Listen up! Or at least read this |

Listen up! Or at least read this

When, on the darkest days of our life, we need an understanding individual to whom to tell our troubles, the main problem is to find a suitable listener.

I have found it all but impossible to locate a person who is willing to just listen and not interrupt my tale of utter disaster with a comment such as, “I know exactly what you’re talking about – only the guy backed who into my new car didn’t just make a dent, he mashed in the whole driver’s side and rammed my car against a lamp post. I was trapped inside for half an hour and they had to use the ‘jaws of life’ to get me out. I was in the hospital for three weeks. Of course, the car was totaled and I hadn’t gotten around to having it insured.”

The last thing we want to hear about, when we are in extremis, is somebody else’s relatively picayune problems. It is essential to establish that we are the most miserable one around.

We are the main attraction and will not abide competition. Above all, we don’t want a session of “Can You Top This?” We are so absolutely wretched we want it understood that our troubles are not only monumental, they are incomparable, beyond the realm of known human experience. Our difficulties make the Slough of Despond in “The Pilgrim’s Progress” seem like a mud puddle.

And certainly in this dreadful hour of our life, we do not want some robust, sanguine type who is so relentlessly optimistic he would look upon the apocalypse as a kind of block party. This sort listens in a cursory way and then callously suggests that “tomorrow will be a brighter day.” This is accompanied by a pat on the shoulder and the additional patronizing reassurance that “this too shall pass.”

Hah! The immensity of our suffering does not register with such a person. Anyone with true sensitivity would gasp in horror at our description of what we are going through and exclaim, “I have never before in my life heard of anything so dreadful! I can’t imagine how you are managing to remain upright!”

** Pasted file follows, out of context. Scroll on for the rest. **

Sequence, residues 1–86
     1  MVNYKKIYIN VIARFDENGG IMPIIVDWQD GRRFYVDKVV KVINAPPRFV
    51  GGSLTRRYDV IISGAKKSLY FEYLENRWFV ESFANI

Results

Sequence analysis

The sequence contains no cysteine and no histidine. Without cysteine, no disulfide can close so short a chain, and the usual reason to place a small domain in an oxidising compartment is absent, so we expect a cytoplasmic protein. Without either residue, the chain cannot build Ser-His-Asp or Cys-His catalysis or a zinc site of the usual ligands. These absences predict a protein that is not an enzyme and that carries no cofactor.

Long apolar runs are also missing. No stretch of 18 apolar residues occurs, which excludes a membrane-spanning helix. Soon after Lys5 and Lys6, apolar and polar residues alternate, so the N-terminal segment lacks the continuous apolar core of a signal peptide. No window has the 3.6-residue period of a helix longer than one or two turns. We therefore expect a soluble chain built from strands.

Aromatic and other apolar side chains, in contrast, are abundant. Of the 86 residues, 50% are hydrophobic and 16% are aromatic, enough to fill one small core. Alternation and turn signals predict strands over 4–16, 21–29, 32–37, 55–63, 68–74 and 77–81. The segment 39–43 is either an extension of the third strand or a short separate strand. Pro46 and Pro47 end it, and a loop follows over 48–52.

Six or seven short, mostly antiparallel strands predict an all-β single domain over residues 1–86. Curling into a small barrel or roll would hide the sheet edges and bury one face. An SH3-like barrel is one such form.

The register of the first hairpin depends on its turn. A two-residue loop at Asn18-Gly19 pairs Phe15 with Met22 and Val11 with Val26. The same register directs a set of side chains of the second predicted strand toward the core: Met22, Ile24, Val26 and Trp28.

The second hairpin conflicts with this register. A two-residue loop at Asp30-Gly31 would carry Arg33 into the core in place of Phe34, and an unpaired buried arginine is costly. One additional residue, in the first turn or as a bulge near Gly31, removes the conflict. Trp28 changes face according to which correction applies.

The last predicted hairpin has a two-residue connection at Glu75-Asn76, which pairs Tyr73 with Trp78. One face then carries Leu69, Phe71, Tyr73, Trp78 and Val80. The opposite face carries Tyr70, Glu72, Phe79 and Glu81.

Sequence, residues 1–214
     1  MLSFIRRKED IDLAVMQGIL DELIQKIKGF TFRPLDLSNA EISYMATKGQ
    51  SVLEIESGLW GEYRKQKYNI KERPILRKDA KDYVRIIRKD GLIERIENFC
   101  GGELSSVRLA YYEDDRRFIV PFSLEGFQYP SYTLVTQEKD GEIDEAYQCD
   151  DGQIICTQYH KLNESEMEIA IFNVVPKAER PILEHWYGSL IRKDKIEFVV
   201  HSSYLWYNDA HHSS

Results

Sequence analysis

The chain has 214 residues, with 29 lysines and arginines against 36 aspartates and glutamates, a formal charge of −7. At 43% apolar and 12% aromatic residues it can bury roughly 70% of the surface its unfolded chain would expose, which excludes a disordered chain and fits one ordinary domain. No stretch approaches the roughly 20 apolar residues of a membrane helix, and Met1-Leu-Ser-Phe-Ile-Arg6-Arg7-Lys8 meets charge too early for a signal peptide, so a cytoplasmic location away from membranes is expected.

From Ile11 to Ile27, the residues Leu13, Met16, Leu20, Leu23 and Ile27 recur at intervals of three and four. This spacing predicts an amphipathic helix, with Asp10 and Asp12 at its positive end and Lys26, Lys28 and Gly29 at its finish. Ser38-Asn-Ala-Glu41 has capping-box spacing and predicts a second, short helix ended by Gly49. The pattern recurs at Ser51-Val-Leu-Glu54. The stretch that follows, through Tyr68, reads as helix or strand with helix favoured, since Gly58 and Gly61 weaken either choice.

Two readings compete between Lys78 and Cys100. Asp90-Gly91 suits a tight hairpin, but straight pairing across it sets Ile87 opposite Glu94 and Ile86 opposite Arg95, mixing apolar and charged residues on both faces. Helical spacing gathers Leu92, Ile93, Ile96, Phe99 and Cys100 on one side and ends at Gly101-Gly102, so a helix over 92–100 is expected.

Above all, we do not want some glib type who assumes that all problems are amenable to solution. Any listener who slips in a sentence beginning, “If I were you, I’d get on the Internet and check…” has missed the point entirely.

Our problems defy remedy. There is no way out. We are doomed and all we ask is that somebody listens to our final words as the curtain descends upon the last act of our tragic existence. We want a friend like the one Socrates had who will accept that hemlock is indeed the beverage du jour and is prepared to chronicle our sufferings for posterity.

When we are sitting in sack-cloth and ashes and weeping and wailing and gnashing our teeth, and otherwise lamenting in true biblical style, it is necessary to have an appalled witness who is up to doing a little empathetic forehead smiting, too. (Unfor- tunately having a corps of professional mourners does not seem to have caught on in Western society as it has in other parts of the world, because they would be exactly appropriate to the occasion.) There is absolutely nothing to be said for suffering in silence or, worse yet, in solitude.

H-m-m-m, you know, as I’ve been talking to you, it occurs to me that I’ve always considered you quite a sensitive person who has the capacity to tune into other people’s feelings. Let me tell you what happened to me while I was on my way over here to see you …

Lucille Lovestedt lives in Grass Valley.

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Geraldine Kothe: Thank you, first responders


From all the residents of Grass Valley Senior Apartments, thank you to the firefighters, police department air support and everyone who responded to the Bennett Fire. God bless you all. You are all heroes.

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